UN orders probe of abuses in Libya conflict
The UN's top rights body on Monday ordered a fact-finding mission to Libya to document violations committed since 2016 as International Criminal Court prosecutors said mass graves discovered there may constitute war crimes.
Oil-rich Libya has been torn by conflict, drawing in militias, jihadists and mercenaries, since the 2011 toppling and killing of dictator Moamer Kadhafi in a Western-backed uprising.
Since 2015, a power struggle has pitted the UN-recognised Tripoli government against eastern commander Khalifa Haftar with both sides backed by rival foreign powers.
The UN Human Rights Council adopted by consensus the resolution strongly condemning all acts of violence in Libya and urging UN rights chief Michelle Bachelet to "dispatch a fact-finding mission" to the country.
The resolution expressed concern at reports of "torture, sexual and gender-based violence and harsh conditions in prisons and detention centres."
The fact-finding mission experts will "document alleged violations and abuses of international human rights law and international humanitarian law by all parties in Libya since the beginning of 2016," the text said.
Tamim Baiou, Libya's ambassador to the UN in Geneva, told the council shortly before the resolution was adopted by consensus that he hoped it would mark "a turning point for a better future for Libya."
The resolution put forward in March by a group of African countries, but the UN's top rights body was forced to suspend its main annual session for three months due to the coronavirus crisis, postponing a vote by the 47-member council until Monday.
The council's 43rd session resumed last week after Switzerland relaxed the measures imposed to halt the spread of COVID-19, and concluded Monday with the Libya resolution.
- 'Long overdue'
Rights groups hailed Monday's resolution.
"We welcome the establishment of the fact-finding mission as an important and long overdue step towards ending the rampant impunity that has for years fuelled by the horrific crimes committed in Libya," Heba Morayef, head of Amnesty International's Middle East and North Africa operations, said in a statement.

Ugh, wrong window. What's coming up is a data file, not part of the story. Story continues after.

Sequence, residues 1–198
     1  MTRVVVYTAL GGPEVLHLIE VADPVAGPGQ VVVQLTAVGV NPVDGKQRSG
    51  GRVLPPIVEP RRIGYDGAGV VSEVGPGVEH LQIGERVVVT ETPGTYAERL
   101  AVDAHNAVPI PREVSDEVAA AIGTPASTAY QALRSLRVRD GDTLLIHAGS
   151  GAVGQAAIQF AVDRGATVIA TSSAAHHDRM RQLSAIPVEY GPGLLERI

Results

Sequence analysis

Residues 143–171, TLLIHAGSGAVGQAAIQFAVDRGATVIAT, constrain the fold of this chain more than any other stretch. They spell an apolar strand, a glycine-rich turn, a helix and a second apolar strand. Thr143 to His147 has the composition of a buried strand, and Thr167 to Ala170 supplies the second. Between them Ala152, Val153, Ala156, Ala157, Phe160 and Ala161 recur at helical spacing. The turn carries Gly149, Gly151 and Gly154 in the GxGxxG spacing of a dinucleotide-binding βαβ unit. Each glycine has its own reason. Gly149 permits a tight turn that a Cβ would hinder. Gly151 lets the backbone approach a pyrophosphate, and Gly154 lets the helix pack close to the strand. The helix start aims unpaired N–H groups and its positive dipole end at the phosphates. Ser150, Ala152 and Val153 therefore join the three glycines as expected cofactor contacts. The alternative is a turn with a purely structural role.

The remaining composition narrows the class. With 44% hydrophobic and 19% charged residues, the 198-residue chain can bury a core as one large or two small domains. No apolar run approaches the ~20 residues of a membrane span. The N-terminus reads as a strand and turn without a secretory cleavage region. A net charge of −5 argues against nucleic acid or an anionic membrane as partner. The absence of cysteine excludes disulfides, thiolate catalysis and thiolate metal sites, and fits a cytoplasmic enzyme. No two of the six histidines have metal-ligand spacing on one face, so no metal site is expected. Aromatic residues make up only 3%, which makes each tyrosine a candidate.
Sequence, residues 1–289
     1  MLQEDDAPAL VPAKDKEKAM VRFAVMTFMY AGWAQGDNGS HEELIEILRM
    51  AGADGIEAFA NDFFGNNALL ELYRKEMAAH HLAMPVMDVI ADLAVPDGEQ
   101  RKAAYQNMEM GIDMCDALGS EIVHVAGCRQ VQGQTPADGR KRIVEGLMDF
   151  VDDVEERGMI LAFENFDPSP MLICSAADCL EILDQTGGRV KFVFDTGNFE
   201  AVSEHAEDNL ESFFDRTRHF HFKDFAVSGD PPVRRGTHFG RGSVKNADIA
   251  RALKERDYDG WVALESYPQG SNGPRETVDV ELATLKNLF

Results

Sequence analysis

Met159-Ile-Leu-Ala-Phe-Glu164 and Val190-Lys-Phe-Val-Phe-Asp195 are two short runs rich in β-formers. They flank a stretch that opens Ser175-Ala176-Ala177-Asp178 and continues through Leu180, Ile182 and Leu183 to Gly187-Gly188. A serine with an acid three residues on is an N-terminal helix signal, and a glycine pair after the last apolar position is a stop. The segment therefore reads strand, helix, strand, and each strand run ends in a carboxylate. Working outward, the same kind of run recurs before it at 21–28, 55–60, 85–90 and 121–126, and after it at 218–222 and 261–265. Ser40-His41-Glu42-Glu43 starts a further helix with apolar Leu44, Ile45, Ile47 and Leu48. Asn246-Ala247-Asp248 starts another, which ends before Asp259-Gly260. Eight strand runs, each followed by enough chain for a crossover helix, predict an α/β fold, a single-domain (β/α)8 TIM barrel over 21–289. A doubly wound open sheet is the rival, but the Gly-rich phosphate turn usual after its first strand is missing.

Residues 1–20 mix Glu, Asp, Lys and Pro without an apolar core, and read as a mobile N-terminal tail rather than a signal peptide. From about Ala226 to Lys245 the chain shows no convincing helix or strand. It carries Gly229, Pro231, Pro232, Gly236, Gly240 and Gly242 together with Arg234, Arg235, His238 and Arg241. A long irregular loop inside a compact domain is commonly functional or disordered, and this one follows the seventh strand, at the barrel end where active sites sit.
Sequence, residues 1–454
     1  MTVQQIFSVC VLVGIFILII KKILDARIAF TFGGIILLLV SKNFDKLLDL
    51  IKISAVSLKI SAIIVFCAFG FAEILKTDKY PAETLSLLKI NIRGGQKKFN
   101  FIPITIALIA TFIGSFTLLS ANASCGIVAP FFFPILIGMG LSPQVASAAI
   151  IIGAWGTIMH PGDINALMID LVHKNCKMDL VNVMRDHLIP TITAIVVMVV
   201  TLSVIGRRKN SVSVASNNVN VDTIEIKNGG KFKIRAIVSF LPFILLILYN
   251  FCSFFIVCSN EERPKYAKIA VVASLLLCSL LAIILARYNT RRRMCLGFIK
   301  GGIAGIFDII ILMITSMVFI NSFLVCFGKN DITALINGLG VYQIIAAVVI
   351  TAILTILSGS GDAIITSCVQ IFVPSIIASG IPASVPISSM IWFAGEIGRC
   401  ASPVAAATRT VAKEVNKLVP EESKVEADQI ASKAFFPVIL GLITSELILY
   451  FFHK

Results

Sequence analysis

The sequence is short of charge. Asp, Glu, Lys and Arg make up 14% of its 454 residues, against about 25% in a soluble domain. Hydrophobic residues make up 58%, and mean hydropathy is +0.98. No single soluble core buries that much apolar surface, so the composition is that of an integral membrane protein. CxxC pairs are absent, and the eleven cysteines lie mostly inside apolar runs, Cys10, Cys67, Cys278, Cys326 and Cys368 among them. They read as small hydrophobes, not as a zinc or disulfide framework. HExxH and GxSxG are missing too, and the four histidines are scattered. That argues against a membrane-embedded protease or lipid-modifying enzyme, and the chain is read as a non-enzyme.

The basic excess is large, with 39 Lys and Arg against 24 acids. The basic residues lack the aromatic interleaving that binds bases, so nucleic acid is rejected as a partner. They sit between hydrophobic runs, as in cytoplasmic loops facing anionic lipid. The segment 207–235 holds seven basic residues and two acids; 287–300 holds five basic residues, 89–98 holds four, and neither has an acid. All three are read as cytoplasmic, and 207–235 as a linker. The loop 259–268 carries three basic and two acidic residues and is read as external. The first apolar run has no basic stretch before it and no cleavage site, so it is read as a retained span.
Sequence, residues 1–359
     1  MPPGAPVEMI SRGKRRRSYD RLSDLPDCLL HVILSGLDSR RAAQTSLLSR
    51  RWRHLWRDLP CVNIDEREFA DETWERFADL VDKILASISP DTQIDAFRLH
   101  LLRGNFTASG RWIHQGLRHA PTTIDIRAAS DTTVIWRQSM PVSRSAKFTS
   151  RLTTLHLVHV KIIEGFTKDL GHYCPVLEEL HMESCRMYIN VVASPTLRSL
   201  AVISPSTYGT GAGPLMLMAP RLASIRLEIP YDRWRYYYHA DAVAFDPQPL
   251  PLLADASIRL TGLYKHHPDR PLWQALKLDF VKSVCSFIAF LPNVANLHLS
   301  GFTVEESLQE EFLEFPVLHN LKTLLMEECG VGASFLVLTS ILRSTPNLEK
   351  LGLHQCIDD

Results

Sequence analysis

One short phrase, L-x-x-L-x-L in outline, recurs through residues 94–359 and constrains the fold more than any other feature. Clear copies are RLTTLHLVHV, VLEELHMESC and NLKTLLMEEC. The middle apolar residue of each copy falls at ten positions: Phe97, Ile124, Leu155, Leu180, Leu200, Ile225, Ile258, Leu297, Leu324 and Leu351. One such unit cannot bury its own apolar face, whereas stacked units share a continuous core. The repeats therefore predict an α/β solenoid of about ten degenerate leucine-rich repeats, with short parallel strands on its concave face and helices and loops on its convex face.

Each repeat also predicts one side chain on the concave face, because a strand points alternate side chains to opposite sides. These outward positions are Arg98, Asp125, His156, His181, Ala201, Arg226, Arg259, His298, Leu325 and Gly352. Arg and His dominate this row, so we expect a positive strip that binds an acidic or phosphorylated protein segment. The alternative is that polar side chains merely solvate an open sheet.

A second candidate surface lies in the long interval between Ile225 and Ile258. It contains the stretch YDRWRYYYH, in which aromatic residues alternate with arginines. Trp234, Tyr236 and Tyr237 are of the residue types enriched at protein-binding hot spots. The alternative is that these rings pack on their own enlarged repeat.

Hundreds have been killed and some 200,000 people were displaced in Libya since the latest escalation, that began in April 2019, when Haftar's forces, backed by the United Arab Emirates and Egypt, began an onslaught against Tripoli.
But then Tripoli's Government of National Accord, with stepped-up support from Turkey, has pushed back and launched a counter-offensive that has reclaimed all of northwestern Libya.
"The establishment of a fact-finding mission into abuses in Libya is a wake-up call to warlords and armed groups that they could be held accountable for serious crimes committed by their rank and file," Human Rights Watch's Eric Goldstein said.
- Mass graves -
The withdrawal of Haftar's forces earlier this month allowed for the discovery of eight suspected mass graves, prompting rights groups to urge that they be investigated for war crimes.
International Criminal Court prosecutor Fatou Bensouda said in a statement Monday that she would "not hesitate" to enlarge her investigation following the discovery of the mass graves, which she said "may constitute evidence of war crimes or crimes against humanity."
Envoy Baiou insisted that GNA had showed that "impunity will no longer be tolerated" in Libya.
Tripoli hoped, he said, that the resolution indicated "the international community holds the same threshold for those countries who contributed to this situation in Libya."
© 2020 AFP